The myths and realities of hosted applications

By Andrew Buss & Dale Vile


Many companies could do much better when it comes to in-house security

Many companies implement security reasonably well, but there is a widespread gap in the tools and
policies they have in place with the result being that their security capability is some way off where
they would like it to be. Additionally, there is a significant risk of data loss through end user devices
and services, which is amplified by a general lack of attention to security by the workforce.

SaaS adoption is limited currently, but there is increasing interest from the business

SaaS is not yet part of the mainstream, but interest is increasing. While it might be expected that
demand is driven by individuals or departments, the biggest driver in fact is felt to come from
business leaders as well as senior IT management. This demand means that IT departments will
increasingly be under pressure to consider and deploy SaaS as part of the service delivery portfolio.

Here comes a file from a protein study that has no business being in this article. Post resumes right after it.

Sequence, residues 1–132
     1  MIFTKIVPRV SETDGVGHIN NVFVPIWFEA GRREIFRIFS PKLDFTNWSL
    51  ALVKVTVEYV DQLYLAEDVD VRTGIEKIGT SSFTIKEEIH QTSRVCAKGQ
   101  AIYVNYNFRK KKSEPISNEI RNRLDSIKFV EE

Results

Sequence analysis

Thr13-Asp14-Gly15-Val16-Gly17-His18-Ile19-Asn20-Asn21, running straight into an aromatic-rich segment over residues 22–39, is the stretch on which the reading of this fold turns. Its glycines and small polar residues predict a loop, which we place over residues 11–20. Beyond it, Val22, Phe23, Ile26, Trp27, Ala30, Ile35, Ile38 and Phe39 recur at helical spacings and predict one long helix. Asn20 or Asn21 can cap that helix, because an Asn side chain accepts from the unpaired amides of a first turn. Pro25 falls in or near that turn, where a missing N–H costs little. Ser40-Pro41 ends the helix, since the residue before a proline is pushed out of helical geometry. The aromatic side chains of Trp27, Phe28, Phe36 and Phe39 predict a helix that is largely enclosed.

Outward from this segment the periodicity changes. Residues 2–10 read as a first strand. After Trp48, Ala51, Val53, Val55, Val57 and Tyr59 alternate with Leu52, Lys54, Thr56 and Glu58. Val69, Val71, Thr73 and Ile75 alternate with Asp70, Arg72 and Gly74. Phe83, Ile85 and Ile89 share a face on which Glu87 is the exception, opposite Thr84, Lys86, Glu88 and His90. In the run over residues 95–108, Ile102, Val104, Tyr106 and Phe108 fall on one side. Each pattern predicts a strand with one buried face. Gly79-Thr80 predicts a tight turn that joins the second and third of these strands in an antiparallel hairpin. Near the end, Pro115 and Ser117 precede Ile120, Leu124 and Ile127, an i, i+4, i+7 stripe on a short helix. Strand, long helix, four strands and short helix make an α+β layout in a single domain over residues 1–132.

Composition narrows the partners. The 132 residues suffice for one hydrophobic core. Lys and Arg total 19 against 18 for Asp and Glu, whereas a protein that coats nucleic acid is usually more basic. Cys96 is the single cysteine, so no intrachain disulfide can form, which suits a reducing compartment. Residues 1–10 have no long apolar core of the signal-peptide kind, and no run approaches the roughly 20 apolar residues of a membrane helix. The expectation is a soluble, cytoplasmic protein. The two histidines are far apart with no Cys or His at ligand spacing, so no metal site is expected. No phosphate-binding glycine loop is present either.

The biggest impediment to SaaS adoption is a perception of security issues

There is a widespread belief that SaaS represents a considerable step backwards in security and
privacy in comparison to on-premise capabilities, and that this is a sufficient reason not to adopt
SaaS. Additionally, SaaS providers are seen by the respondents as broadly similar when it comes
to security and privacy regardless of their actual capabilities.

Companies with experience of SaaS are positive about provider security

There is an understandable attitude amongst those companies that have limited or no experience of
SaaS that what is new or unknown represents a risk. However, when it comes to companies that
use SaaS extensively, most view provider security as either equal to, or better than, their onpremise
capabilities. This changes the outlook completely, with security moving from being a
blocker of SaaS to being a potential driver of adoption.

SaaS is likely to help with shortcomings of on-premise security capabilities

Given the security gap that exists for many companies, which is especially marked for departmental
and collaboration applications, SaaS can help to raise the overall level of security. But it needs to be
evaluated impartially using the same criteria as on-premise solutions since providers differ with
regard to capability, culture, service and cost.



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